I read a really good book last night. The whole thing. 83 pages in a 5"x 8" book so its a very quick read. 'Survival Lessons' by Alice Hoffman. Yes the famous writer Alice Hoffman.

She had breast cancer 15 years before she wrote the book which came out last year. In the introduction she tells us it is her personal path to healing on her own terms. The book then shares what she learned during the course of her treatment, looking back after all that time. I hope I am as smart then as she is now.

In addition to telling us to get a puppy during treatment, she is full of good advice including 'choose to plan ahead' and 'choose to dream'. These are two very important things we often forget when coping with a cancer diagnosis.

It made me think in a good way. I will return it to the library shortly so others can benefit from it. I might reread it before I return it and I will definitely reread it again in the future.

Tuesday, August 12, 2014

Its a sad day

Robin Williams died from an apparent suicide yesterday. But I smiled after reading some of his most famous quotes. Here are some of my  favorites:

"Goooooooood morning Vietnam! It's 0600 hours. What does the 'O' stand for? O my God, it's early!" - Adrian Cronauer, Good Morning Vietnam (1987)

[Mork picks up an egg] "Hello? Hello? Anybody in there? Little hatchling brothers, you must revolt against your oppressors. You have nothing to lose but your shells."

"You're only given one little spark of madness. You mustn't lose it."

You can read the rest here.

But the sad thing is that he committed suicide after dealing with depression. I too have depression issues as do millions of other Americans. But no one wants to talk about it. Its one of those diseases, like hemorrhoids, which are embarrassing. The problem with embarrassing ailments is people don't want to talk about them. So they do not communicate them to anyone, even a doctor, which can endanger their health.

My depression got worse with my second cancer diagnosis but I probably had it for years before. But damn it, cancer is depressing. And coping with it, for a second time, isn't easy. Treatment was the answer.

I don't know more about Robin Williams' depression story and only know what I hear on the news. His humor always had a bit of an edge. But he did make us all laugh as we listened to him. It is very sad that he is now gone.

"Crying on the inside, laughing on the outside."

Monday, August 11, 2014

A new understanding of cancer

I read both these articles recently and sort of jumbled them around in my brain and thought about them. They make a lot of sense. There is current medical research which is focusing on a new cancer classification system based on their genetic make up and not on which part of the body they are found.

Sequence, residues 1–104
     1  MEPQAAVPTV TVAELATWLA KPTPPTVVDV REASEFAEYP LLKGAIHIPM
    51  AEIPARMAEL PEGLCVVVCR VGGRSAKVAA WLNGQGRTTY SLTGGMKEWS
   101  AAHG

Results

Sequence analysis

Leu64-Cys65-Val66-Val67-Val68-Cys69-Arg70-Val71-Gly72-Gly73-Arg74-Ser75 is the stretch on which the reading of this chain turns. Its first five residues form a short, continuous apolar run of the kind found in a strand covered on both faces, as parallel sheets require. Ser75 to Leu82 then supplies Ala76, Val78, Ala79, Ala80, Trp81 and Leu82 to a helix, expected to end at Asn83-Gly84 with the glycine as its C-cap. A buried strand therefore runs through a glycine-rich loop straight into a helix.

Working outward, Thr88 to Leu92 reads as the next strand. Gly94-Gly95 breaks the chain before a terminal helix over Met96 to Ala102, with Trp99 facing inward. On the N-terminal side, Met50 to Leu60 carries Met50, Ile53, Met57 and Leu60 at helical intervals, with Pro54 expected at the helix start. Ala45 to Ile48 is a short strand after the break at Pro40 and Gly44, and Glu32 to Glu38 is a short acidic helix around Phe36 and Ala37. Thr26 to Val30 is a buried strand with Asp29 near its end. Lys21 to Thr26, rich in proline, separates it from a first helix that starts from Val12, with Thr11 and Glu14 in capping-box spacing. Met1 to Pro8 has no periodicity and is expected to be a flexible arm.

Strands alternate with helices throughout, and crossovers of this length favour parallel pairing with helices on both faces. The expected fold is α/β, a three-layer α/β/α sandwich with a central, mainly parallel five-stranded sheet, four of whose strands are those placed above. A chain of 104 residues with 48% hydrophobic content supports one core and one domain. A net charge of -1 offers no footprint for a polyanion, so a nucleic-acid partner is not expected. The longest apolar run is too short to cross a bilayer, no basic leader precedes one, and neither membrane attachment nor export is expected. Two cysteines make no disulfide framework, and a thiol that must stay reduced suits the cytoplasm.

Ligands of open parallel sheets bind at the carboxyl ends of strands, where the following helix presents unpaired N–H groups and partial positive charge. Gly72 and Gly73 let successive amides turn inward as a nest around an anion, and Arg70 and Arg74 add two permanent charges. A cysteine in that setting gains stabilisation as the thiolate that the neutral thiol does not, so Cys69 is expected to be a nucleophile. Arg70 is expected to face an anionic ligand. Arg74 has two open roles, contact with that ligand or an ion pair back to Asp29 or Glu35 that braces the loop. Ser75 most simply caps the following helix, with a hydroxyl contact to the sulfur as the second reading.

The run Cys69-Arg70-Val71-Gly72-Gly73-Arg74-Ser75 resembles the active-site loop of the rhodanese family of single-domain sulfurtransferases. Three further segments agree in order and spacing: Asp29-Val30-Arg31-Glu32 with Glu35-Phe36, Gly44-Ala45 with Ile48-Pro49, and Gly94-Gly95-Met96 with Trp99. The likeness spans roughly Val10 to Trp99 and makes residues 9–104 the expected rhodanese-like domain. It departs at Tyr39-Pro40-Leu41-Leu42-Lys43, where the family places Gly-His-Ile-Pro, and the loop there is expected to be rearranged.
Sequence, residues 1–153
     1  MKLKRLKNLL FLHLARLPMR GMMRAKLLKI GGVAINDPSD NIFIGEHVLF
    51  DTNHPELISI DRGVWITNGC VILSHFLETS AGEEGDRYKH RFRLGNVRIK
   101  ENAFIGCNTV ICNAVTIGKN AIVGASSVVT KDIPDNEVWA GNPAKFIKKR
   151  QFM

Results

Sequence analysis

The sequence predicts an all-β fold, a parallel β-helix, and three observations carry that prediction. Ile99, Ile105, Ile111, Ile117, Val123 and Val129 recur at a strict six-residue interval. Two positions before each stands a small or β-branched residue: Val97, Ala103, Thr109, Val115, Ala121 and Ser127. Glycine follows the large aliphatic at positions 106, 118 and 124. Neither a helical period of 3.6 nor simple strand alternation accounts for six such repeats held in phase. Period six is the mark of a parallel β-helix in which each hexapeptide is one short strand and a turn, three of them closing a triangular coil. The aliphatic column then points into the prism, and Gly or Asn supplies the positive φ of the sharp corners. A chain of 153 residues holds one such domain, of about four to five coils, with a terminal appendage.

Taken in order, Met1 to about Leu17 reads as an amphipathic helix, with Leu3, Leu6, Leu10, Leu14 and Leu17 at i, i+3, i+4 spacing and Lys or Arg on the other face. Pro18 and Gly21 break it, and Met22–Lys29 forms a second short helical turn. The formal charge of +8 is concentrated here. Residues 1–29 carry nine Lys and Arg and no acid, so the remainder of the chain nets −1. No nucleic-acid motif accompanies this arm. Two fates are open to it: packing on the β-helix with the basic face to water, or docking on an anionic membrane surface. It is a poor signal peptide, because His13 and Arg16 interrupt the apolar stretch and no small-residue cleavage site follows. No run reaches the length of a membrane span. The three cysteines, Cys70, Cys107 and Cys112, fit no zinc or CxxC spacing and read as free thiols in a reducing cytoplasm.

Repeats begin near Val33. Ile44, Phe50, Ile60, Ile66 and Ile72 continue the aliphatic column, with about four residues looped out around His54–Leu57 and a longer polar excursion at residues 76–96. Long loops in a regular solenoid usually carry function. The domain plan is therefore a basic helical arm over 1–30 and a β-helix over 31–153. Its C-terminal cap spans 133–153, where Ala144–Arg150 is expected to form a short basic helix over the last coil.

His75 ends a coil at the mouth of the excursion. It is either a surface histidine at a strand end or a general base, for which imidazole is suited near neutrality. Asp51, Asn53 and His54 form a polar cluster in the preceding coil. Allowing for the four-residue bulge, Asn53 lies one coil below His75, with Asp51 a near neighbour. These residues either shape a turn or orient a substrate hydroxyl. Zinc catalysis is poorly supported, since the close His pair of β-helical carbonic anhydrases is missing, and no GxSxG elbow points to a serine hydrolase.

Think about it. We may call it a head cold or the stomach flu, right? But we know they are different and treat them differently. With cancer, its the same thing. Breast cancer and stomach cancer get different treatments - but they are chemotherapy, surgery, and radiation - which are fairly similar. And then doctors wonder why some patient's cancers do not respond to treatment the way other patient's cancers do.

But their genetic make up may very well be the key here.

"In the triple-negative breast tumors, named as such because they lack the three hormone receptors targeted by the most successful therapies, the researchers learned the molecular wiring looked so different from any other breast cancers that they think the disease may warrant a new classification."

There is lots more you can read about this here.

Then Providence Health & Services, which provides care to those in need in the northwestern US, has released a plan to sequence the DNA of cancers - another state of the art leap in cancer diagnosis and treatment.

I call this all progress, in  a good way.

Sunday, August 10, 2014

I didn't blog today

This isn't a real blog post. It is an unpost to say I am not dead or anything but we had house guests, I didn't get enough sleep either Friday or Saturday night, and I am tired. So I am not blogging. Pretend I am writing in invisible ink. I should be back tomorrow.

Saturday, August 9, 2014

Chronic can be a good thing

When I was in cancer treatment, I was told cancer was being treated as a chronic illness instead of a terminal one. We all liked that. It was nice knowing that they didn't expect you to die anytime soon.

Living with a terminal disease is not fun. Your life is counted in weeks and months instead of decades and generations. But living with a chronic disease is not that great either.

We all know we came with an expiration date - life is a terminal occurrence. We are all going to die some day. But with a chronic disease, life just becomes a little (or a lot) less fun.

I have a couple of those chronic conditions that make life less fun. And that's how life goes for me. If you want to learn more about living with chronic ailments, this is a wonderful essay on life with chronic ailments.

And how you wake up each day with hope to be free of pain and and maybe there will be a cure. 

Life with chronic ailments is better than with a terminal one but how much is up for discussion.

Friday, August 8, 2014


What is happiness in life? We don't realy know. Scientists have defined it as:

My version of it is a bit different (and I have long since forgotten all the calculus, trigonometry and higher math I learned in college) and shorter.